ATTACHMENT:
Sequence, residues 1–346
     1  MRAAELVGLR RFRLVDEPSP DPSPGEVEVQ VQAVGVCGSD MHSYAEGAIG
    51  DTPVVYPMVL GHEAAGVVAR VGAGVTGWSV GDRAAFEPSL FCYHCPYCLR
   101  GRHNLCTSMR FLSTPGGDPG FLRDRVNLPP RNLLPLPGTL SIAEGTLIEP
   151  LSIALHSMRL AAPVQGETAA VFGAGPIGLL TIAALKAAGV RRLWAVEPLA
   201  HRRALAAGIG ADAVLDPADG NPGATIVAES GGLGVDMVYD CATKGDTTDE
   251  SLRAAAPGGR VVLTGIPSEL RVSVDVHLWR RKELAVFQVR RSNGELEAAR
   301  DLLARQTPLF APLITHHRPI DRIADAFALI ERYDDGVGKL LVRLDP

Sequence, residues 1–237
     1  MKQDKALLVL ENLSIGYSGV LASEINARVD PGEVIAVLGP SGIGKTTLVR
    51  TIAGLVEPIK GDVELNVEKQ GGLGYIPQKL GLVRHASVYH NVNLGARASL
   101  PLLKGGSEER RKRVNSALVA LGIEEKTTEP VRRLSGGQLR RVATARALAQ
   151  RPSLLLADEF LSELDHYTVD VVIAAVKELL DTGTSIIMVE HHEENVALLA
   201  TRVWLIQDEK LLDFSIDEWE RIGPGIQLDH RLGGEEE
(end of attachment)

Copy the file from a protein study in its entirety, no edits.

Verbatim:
Sequence, residues 1–346
     1  MRAAELVGLR RFRLVDEPSP DPSPGEVEVQ VQAVGVCGSD MHSYAEGAIG
    51  DTPVVYPMVL GHEAAGVVAR VGAGVTGWSV GDRAAFEPSL FCYHCPYCLR
   101  GRHNLCTSMR FLSTPGGDPG FLRDRVNLPP RNLLPLPGTL SIAEGTLIEP
   151  LSIALHSMRL AAPVQGETAA VFGAGPIGLL TIAALKAAGV RRLWAVEPLA
   201  HRRALAAGIG ADAVLDPADG NPGATIVAES GGLGVDMVYD CATKGDTTDE
   251  SLRAAAPGGR VVLTGIPSEL RVSVDVHLWR RKELAVFQVR RSNGELEAAR
   301  DLLARQTPLF APLITHHRPI DRIADAFALI ERYDDGVGKL LVRLDP

Sequence, residues 1–237
     1  MKQDKALLVL ENLSIGYSGV LASEINARVD PGEVIAVLGP SGIGKTTLVR
    51  TIAGLVEPIK GDVELNVEKQ GGLGYIPQKL GLVRHASVYH NVNLGARASL
   101  PLLKGGSEER RKRVNSALVA LGIEEKTTEP VRRLSGGQLR RVATARALAQ
   151  RPSLLLADEF LSELDHYTVD VVIAAVKELL DTGTSIIMVE HHEENVALLA
   201  TRVWLIQDEK LLDFSIDEWE RIGPGIQLDH RLGGEEE